Comment Re:Motivation (Score 1) 575

is an exceptionally powerful psychological motivational force

I would have to disagree. After all, go to an urban school district and see how powerful that motivational force is for the students there. Even if you visit a lot of good school districts, you'll find that a lot of the students are motivated to play the game and make their masters happy, more than they are actually sincerely learning.

Comment Re:And the unions are pissed... (Score 1) 575

Teachers do get good benefits, government jobs are like that, they get actual pension plans, which is more an indication that everyone else is getting fucked than one that teachers are getting an unfairly awesome deal

There is some evidence to suggest that, economically speaking, the idea that a significant percentage of the population can just stop working when healthy and live off of savings for ten years is simply unworkable in the big scheme of things. You either need people to save a huge amount during your working life, or you need a huge cohort of young people who are productive to pay for the retirees to live.

This problem hit the private sector earlier, but it is beginning to hit the public sector. Public sector pensions are severely underfunded (particularly since 8% growth has been assumed, which is nothing shortly of ridiculous in this day and age.)

Comment Re:It's around everywhere else, too... (Score 1) 374

You can but I'd argue that is a mistake.

Here's an example: we know that women take the trait of masculinity into account when seeking a partner. Studies have shown that the amount of masculinity is correlated with the health care quality of the country they grew up in. A Jamaican woman is more likely to select a man with masculine features--hoping to pass on nice strong genes to her child to survive the many problems of Jamaica. However a Swedish woman will be more likely to take a less masculine more androgynous man. The androgynous man may not pass on the strongest genes, but that doesn't matter in Sweden. What does matter is that the less masculine man is more likely to be a caring, dependable father, which is a nice boon for young Sven.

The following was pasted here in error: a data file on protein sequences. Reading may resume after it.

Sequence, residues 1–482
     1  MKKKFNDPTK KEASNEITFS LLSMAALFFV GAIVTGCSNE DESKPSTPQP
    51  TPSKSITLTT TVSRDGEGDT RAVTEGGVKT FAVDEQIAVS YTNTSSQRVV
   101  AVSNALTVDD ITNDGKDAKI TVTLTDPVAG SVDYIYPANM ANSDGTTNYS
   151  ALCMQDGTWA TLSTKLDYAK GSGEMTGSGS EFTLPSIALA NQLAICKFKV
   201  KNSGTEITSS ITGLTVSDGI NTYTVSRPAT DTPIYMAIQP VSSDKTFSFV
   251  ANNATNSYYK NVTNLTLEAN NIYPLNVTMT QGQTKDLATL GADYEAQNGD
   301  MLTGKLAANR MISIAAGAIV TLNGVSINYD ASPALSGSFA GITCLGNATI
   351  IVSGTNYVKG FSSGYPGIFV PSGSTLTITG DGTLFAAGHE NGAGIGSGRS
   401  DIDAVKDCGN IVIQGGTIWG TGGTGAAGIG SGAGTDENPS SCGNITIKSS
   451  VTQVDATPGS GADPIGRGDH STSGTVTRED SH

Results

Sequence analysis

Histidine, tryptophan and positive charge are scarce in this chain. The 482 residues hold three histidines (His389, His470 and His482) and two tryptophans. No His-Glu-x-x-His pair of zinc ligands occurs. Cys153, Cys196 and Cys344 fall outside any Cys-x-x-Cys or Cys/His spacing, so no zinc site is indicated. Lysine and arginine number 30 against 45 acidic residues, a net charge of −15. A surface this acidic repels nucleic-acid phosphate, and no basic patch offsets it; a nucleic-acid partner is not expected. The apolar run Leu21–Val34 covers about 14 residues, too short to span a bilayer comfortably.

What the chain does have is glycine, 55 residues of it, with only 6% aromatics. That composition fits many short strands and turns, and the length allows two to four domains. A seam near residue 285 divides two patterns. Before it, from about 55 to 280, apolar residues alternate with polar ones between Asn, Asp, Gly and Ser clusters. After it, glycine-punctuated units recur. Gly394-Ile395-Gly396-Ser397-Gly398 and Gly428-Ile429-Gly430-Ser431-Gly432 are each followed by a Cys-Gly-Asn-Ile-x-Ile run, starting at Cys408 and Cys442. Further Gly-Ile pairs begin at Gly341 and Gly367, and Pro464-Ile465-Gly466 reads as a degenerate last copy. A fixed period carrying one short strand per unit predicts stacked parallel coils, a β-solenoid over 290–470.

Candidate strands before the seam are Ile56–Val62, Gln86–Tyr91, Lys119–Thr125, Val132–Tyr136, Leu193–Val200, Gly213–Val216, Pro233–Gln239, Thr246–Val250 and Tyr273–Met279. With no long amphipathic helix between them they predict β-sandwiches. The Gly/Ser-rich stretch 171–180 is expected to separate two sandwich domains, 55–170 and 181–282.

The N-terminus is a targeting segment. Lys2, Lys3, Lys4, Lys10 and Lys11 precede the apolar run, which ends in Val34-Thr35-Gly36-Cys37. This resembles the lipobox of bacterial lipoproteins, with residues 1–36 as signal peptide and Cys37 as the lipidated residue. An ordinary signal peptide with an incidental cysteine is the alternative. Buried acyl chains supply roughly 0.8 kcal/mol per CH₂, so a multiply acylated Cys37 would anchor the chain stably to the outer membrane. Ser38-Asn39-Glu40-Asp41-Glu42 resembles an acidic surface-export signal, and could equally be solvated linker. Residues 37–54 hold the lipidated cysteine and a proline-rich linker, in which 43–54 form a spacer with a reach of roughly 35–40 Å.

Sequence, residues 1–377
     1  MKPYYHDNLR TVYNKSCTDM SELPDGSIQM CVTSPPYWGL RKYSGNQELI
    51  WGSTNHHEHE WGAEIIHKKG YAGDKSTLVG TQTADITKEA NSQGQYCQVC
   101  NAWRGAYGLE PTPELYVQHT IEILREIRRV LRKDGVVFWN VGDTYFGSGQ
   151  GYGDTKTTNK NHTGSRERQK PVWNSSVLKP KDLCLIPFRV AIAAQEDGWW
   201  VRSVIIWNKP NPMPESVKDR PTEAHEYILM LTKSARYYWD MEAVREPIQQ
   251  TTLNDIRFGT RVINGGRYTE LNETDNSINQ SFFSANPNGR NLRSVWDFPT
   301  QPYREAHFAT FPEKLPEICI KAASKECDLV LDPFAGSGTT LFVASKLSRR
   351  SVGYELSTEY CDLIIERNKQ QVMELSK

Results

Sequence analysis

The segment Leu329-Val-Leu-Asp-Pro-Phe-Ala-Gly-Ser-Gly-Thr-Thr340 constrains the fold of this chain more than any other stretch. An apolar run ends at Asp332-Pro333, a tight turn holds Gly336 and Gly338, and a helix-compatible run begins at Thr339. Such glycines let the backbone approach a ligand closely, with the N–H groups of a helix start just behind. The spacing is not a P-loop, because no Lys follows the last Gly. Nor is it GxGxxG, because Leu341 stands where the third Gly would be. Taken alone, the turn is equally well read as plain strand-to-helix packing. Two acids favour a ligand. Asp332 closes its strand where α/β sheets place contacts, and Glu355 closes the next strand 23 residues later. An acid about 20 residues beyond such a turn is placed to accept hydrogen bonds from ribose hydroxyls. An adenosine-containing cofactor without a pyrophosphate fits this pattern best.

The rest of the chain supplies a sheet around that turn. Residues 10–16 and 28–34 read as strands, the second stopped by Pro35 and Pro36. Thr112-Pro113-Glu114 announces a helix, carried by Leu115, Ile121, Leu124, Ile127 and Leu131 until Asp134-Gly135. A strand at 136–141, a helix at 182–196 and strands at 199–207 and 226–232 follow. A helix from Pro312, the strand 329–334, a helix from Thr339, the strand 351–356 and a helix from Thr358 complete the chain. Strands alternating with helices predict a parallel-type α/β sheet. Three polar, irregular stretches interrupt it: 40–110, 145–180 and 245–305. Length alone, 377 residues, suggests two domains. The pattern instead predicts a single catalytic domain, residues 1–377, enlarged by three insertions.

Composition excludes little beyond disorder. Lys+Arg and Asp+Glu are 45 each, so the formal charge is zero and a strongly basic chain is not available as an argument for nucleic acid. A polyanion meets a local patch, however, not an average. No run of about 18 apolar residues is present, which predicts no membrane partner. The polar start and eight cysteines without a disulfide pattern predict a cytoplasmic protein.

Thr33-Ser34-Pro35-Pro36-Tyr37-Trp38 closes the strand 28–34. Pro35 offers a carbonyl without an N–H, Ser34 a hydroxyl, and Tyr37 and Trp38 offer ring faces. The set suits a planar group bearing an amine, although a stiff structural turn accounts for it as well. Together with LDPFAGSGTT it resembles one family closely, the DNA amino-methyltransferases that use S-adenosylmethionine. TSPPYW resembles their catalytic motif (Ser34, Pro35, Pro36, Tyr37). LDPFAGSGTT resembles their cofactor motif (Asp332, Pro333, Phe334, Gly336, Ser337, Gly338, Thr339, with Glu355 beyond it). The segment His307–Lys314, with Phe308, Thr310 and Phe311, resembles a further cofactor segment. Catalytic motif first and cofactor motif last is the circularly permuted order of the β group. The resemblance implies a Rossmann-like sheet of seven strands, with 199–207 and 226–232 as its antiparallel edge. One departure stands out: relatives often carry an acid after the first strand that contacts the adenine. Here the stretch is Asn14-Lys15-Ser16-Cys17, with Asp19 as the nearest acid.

Without context, the Swedish woman's decision seems to be a step backward. (It certainly would seem that way from the Jamaican woman's point of view.) But in the context of modern Sweden, it's a movement forward.

Comment Re:It's around everywhere else, too... (Score 1) 374

Any trip to Walmart will convince you that the situation today seems less clear, and obtaining children seems entirely disassociated with the ability to attract a mate.

Perhaps actually Walmart shows the opposite--that evolution is quite alive and well.

If we're saying that there is a group of people who are disadvantaged in some way (I guess the thesis on the table is that the Walmart people are less intelligent than others) then perhaps it makes sense for them to start buying lottery tickets--having lots of children--knowing that any one child of theirs probably won't have great genes (and that because of their lifestyle there is no advantage to that one child if they have no siblings) and may not pass them on, but a bunch of children may pass them on, and besides, there may be a bright child in the bunch.